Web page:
10. The coating is made of bristle-like proteins. These coat proteins are lined up on the inner surface of the Plasma Membrane.
Interesting Endosome Facts: 11-15 | Understanding Endocytosis
11. Specific types of molecules known as Ligands1 that come through the extracellular fluid are received by the receptors (which are also made of proteins) found on those receptor sites. When the Ligands are received by the receptors, they are moved into the coated pits.
12. Once inside the coated pits, the Pseudopodia fuse together to form a vesicle that then pinches off from the Plasma Membrane and get into the Cytoplasm. The vesicles that are formed from the coated pits are also coated vesicles. These coated vesicles not only contain the Ligands but also some receptors that may or may not be recycled back to the trans Plasma Membrane.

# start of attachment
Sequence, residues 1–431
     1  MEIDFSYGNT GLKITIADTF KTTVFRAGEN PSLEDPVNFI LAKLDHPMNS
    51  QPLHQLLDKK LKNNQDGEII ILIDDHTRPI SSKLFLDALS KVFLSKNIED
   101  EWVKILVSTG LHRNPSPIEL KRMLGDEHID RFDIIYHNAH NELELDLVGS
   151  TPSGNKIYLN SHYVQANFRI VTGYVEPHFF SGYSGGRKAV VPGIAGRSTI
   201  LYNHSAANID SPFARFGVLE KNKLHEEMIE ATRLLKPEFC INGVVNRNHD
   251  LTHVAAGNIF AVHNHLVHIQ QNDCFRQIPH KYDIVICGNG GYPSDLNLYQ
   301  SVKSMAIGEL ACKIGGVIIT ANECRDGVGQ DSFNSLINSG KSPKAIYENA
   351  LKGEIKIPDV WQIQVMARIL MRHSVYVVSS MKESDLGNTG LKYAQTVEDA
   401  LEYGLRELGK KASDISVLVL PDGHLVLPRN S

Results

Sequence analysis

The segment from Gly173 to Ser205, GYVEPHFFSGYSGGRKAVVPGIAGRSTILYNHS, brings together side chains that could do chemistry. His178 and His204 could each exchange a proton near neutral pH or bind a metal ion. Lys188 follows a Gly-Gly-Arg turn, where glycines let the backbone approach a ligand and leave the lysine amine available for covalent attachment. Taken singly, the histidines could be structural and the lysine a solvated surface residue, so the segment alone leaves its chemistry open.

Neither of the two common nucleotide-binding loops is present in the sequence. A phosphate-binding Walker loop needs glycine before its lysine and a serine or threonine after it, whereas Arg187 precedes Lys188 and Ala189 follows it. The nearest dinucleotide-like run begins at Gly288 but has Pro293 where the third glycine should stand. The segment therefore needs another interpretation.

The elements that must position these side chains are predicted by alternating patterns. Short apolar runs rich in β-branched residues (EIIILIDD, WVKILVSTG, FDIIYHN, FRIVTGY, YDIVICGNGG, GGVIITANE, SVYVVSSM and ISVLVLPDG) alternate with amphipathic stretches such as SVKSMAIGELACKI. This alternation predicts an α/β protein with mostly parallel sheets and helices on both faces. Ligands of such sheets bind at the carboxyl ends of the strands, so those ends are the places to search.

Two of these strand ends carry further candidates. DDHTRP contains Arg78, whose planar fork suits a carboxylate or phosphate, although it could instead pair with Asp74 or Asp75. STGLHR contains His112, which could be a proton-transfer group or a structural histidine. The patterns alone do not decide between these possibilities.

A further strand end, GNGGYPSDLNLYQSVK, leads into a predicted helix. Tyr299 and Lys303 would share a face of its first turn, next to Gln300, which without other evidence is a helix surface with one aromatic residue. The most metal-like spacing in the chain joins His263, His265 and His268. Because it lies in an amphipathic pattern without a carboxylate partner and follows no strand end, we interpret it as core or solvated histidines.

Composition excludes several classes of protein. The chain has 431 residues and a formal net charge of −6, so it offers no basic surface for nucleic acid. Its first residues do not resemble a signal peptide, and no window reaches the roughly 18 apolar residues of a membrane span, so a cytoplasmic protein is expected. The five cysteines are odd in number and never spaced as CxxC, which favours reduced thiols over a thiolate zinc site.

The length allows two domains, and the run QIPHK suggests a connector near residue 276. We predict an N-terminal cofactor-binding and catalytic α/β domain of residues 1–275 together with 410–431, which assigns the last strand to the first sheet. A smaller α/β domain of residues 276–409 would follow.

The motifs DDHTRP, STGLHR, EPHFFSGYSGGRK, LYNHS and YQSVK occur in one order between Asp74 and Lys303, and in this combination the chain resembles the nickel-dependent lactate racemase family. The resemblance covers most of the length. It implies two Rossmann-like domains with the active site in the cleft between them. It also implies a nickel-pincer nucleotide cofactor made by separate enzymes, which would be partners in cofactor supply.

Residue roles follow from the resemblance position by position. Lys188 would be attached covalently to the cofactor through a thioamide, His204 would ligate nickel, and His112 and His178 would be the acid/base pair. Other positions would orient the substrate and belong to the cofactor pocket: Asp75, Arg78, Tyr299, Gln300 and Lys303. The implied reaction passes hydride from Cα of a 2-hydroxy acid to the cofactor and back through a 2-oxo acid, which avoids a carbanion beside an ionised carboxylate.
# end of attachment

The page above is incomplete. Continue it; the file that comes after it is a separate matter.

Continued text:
13. There are two things of note here. First, it is believed by scientists that the coat proteins play a major role in enlarging the pits that capture the Ligands. Second, though the coated pits majorly take in Ligands, they can also take in some molecules.
14. Pinocytosis (sometimes referred to as “Cell Drinking”): The process is pretty much the same as in case of Receptor Mediated Endocytosis except that there are no receptors near the pits and the pits are not coated. The pits here are responsible for taking in or internalizing liquid droplets from the extracellular fluid.
15. The solutes that are present in the liquid that is taken into the pits also get enclosed in the pits after the Pseudopodia close and fuse together. Once the fusing of the Pseudopodia takes place, the small sac-like vesicle simply pinches off the inner surface of the Plasma Membrane and move into the Cytoplasm.
Interesting Endosome Facts: 16-20 | Understanding Endocytosis
16. The vesicles that pinch off from the Plasma Membrane through the Pinocytosis mechanism are known as Pinocytic Vesicles and are the smallest of all vesicles formed by overall Endocytosis mechanisms.